State of Mysore and Anr. [AIR 1970 SC 2042] and S.L. Kapoor v. Jagmohan and Ors. [(1980 4 SCC 379]}.

Recently, in V.C. Banaras Hindu University v. Shrikant [2006 (6) SCALE 66], this Court stated the law, thus:

`An order passed by a statutory authority, particularly when by reason whereof a citizen of India would be visited with civil or evil consequences must meet the test of reasonableness'."

It was observed :

"Justice, as is well known, is not only be done but manifestly seem to be done. If the assessee is put to notice, he could show that the nature of accounts is not such which would require appointment of special auditors. He could further show that what the assessing officer considers to be complex is in fact not so. It was also open to him to show that the same would not be in the interest of the Revenue.

In this case itself the appellants were not made known as to what led the Deputy Commissioner to form an opinion that all relevant factors including the ones mentioned in Section 142(2A) of the Act are satisfied. If even one of them was not satisfied, no order could be passed.

If the attention of the Commissioner could be drawn to the fact that the underlined purpose for appointment of the special auditor is not bona fide it might not have approved the same. "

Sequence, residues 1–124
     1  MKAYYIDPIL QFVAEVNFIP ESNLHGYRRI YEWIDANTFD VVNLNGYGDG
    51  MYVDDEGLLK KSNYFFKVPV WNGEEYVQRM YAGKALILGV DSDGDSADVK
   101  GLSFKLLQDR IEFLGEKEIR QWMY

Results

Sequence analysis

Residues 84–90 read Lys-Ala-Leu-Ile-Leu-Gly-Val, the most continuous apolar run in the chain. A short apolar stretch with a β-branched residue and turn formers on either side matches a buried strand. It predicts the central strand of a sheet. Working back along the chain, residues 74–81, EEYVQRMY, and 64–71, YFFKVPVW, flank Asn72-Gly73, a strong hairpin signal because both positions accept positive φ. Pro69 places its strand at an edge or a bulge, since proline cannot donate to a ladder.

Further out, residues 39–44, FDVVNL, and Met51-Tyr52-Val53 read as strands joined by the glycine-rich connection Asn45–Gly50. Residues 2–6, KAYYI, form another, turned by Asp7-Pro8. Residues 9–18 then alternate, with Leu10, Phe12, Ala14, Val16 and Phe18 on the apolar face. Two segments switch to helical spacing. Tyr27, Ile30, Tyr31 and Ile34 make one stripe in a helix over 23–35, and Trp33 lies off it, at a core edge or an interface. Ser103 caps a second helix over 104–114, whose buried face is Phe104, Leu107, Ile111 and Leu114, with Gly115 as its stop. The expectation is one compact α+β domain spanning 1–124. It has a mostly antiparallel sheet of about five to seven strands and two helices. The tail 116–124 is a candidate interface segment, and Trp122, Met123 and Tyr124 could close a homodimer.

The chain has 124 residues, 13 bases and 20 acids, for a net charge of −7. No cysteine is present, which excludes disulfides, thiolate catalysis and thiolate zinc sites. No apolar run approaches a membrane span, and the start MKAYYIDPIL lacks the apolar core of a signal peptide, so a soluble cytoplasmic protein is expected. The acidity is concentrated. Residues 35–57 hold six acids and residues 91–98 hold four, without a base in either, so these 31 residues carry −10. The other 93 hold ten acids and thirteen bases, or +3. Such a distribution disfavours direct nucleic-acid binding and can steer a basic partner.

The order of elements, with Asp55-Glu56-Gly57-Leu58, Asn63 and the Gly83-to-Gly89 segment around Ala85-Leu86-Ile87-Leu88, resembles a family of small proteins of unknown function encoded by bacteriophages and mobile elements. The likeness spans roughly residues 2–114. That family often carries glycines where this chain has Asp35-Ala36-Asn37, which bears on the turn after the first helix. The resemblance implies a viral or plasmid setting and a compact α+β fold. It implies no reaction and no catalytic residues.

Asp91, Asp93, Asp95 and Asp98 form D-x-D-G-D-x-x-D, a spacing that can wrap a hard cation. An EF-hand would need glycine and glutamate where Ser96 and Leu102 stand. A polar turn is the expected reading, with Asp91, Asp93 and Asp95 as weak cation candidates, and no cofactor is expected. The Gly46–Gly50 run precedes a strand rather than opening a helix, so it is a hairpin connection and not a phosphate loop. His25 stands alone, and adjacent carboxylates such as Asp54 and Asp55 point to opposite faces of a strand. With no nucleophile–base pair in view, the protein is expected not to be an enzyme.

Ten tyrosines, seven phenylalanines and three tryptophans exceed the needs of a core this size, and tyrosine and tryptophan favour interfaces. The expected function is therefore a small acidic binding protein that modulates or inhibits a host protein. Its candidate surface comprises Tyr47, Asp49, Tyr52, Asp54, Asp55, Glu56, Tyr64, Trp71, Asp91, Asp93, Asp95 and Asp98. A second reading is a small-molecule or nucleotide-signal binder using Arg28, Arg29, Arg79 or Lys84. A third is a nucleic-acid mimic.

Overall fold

10 In S.L. Kapoor v. Jagmohan & Ors. [(1980 (4) SCC 379], this Court observed :

"18. In Ridge v. Baldwin and Ors. [1964] AC 40 @ 68, one of the arguments was that even if the appellant had been heard by the watch committee nothing that he could have said could have made any difference. The House of Lords observed (at p. 68) :

`It may be convenient at this point to deal with an argument that, even if as a general rule a watch committee must hear a constable in his own defence before dismissing him, this case was so clear that nothing that the appellant could have said could have made any difference. It is at least very doubtful whether that could be accepted as an excuse. But, even if it could, the respondents would, in my view, fail on the facts. It may well be that no reasonable body of men could have reinstated the appellant. But as between the other two courses open to the watch committee the case is not so clear. Certainly on the facts, as we know them, the watch committee could reasonably have decided to forfeit the appellant's pension rights, but I could not hold that they would have acted wrongly or wholly unreasonably if they had in the exercise of their discretion decided to take a more lenient course.'"

{See also M/s. Kishinchand Chellaram v. The Commissioner of Income-tax, Bombay City II, Bombay [AIR 1980 SC 2117]} 11

18.  In view of the aforementioned settled legal principles, there cannot be any doubt whatsoever that the principles of natural justice have been violated in this case.

19.  For the views we have taken, the impugned judgment cannot be sustained. It is set aside accordingly. The matter is remitted to the Commissioner of Customs for consideration of the matter afresh. The Commissioner, in the event, intends to rely on the said documents, may supply the relevant copies thereof or at least allow the appellant to inspect the same.

20.  Appeal is allowed with the aforementioned directions with costs.

Counsel's fee assessed to Rs.25,000/-.

.....................................J. [S.B. Sinha]

.....................................J. [Cyriac Joseph]

New Delhi;